“Life is transformation. There is no life that is not an unceasing transformation.”
– Élisabeth Rochat de la Vallée
It’s the final month of our Winter here in the Southern Hemisphere. As we approach Spring we get closer to emerging from our Yin state and the building of Yang will initiate.
Yang is light, activity, movement, initiation, action, the doing. On a metaphysical, spiritual and cosmological level the most Yang manifestation of a human, the purest Yang aspect of our consciousness, is the Spirit or ‘Shen’.
Shen is translated as something which is divine, marvellous, extraordinary or mysterious. In recent times we call it the Heart-Mind. (more…)
“Doing nothing is better than being busy doing nothing.“
– Lao Tzu
In July in the Southern Hemisphere we are in the depths of winter – that deep dark Yin place of stillness, hibernation and rest. The mysterious and all-pervasive impetus for growth has stilled. The soil temperatures are cool and flower buds that have birthed from their seeds are still just kernels of potential, waiting.
Winter can be hard for some peeps. It can get you down, especially if life has also thrown in some tough times or big changes. In winter it’s easier to descend into the deeper layers of consciousness (the sub and unconscious) to places where the script is written. There can be great fear and resistance from most to go there and experience it.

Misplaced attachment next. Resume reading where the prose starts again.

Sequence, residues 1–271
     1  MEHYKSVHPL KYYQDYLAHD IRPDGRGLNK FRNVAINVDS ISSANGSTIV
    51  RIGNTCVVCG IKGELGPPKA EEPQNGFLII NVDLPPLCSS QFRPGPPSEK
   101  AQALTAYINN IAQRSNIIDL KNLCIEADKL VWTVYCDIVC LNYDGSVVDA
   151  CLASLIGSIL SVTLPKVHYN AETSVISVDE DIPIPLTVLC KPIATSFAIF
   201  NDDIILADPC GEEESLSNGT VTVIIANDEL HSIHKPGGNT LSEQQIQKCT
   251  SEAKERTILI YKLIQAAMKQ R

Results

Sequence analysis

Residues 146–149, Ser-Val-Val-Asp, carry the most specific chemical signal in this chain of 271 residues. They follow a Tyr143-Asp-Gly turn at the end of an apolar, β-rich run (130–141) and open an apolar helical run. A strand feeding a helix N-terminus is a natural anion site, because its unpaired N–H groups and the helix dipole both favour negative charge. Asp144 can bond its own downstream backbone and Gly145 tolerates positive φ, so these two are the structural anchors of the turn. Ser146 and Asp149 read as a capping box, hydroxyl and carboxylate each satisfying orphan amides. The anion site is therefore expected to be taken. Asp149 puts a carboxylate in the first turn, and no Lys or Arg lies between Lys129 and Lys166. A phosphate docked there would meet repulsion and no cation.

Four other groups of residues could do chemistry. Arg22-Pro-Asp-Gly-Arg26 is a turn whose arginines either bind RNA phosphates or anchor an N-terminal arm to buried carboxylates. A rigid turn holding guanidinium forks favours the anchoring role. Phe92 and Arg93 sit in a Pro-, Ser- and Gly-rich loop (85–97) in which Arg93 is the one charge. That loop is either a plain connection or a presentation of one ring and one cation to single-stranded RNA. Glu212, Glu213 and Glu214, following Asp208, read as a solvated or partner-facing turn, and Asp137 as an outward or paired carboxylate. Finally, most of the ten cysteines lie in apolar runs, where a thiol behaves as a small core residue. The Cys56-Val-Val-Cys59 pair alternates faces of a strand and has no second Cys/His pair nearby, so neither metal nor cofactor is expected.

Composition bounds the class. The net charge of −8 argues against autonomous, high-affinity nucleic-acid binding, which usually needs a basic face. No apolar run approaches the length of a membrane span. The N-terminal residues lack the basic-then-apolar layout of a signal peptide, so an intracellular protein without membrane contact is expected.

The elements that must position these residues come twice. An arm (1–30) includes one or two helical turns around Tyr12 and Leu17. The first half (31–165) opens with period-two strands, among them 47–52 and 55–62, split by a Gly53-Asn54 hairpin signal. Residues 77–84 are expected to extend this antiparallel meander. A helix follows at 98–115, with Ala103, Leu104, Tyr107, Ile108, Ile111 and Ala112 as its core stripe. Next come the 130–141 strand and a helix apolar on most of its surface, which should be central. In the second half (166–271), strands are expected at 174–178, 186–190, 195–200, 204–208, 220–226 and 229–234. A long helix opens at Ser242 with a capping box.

From a Chinese Medicine treatment perspective, winter is a very important season for rejuvenation and renewal. Daoist and Buddhist traditions (as well as many styles of psychology) would posit that it is from sitting with yourself, with a non-judgemental attitude and willingness to just see what’s there and be with it, that enables transformation and disintegrates old constructs. What is liberated provides the alchemical building blocks for the new.
If you’re the kind of person who struggles in the cold, each year you may wonder how to cope with winter in a way that is less defeating, more empowering.
Since water is the element of the winter season, I like to look to the wisdom of water for answers. (more…)
When it comes to women’s sexual and reproductive health, attitudes matter. Our culture shapes the way we feel about our bodies and more deeply, how our bodies respond.
“Safe sex” in classical Chinese thought is sex that does not drain the body of needed energy and vitality, but increases it.
Chinese medical history is long and traverses time to places where cultural norms about women’s sexual and reproductive health were quite different.